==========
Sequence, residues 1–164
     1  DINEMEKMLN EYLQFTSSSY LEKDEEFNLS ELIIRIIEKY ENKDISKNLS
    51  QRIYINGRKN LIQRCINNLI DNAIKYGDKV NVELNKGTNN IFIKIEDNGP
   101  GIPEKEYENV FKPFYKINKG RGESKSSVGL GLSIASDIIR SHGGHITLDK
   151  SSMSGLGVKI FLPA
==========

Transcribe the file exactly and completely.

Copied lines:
Sequence, residues 1–164
     1  DINEMEKMLN EYLQFTSSSY LEKDEEFNLS ELIIRIIEKY ENKDISKNLS
    51  QRIYINGRKN LIQRCINNLI DNAIKYGDKV NVELNKGTNN IFIKIEDNGP
   101  GIPEKEYENV FKPFYKINKG RGESKSSVGL GLSIASDIIR SHGGHITLDK
   151  SSMSGLGVKI FLPA